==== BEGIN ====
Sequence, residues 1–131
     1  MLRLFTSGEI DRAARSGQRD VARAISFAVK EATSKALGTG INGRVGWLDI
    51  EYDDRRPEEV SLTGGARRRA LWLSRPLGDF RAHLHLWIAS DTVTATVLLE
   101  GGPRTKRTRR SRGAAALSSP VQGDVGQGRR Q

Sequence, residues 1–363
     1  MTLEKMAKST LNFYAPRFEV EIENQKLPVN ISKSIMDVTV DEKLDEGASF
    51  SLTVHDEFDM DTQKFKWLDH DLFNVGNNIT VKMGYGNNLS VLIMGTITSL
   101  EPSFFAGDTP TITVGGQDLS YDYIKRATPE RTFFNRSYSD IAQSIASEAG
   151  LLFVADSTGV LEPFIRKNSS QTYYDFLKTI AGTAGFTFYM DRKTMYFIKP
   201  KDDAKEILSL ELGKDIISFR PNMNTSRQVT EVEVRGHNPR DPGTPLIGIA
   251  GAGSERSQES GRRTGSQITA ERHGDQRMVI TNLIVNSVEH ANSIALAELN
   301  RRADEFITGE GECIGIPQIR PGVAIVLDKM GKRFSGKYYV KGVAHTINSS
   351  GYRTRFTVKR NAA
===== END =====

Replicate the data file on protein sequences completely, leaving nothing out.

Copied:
Sequence, residues 1–131
     1  MLRLFTSGEI DRAARSGQRD VARAISFAVK EATSKALGTG INGRVGWLDI
    51  EYDDRRPEEV SLTGGARRRA LWLSRPLGDF RAHLHLWIAS DTVTATVLLE
   101  GGPRTKRTRR SRGAAALSSP VQGDVGQGRR Q

Sequence, residues 1–363
     1  MTLEKMAKST LNFYAPRFEV EIENQKLPVN ISKSIMDVTV DEKLDEGASF
    51  SLTVHDEFDM DTQKFKWLDH DLFNVGNNIT VKMGYGNNLS VLIMGTITSL
   101  EPSFFAGDTP TITVGGQDLS YDYIKRATPE RTFFNRSYSD IAQSIASEAG
   151  LLFVADSTGV LEPFIRKNSS QTYYDFLKTI AGTAGFTFYM DRKTMYFIKP
   201  KDDAKEILSL ELGKDIISFR PNMNTSRQVT EVEVRGHNPR DPGTPLIGIA
   251  GAGSERSQES GRRTGSQITA ERHGDQRMVI TNLIVNSVEH ANSIALAELN
   301  RRADEFITGE GECIGIPQIR PGVAIVLDKM GKRFSGKYYV KGVAHTINSS
   351  GYRTRFTVKR NAA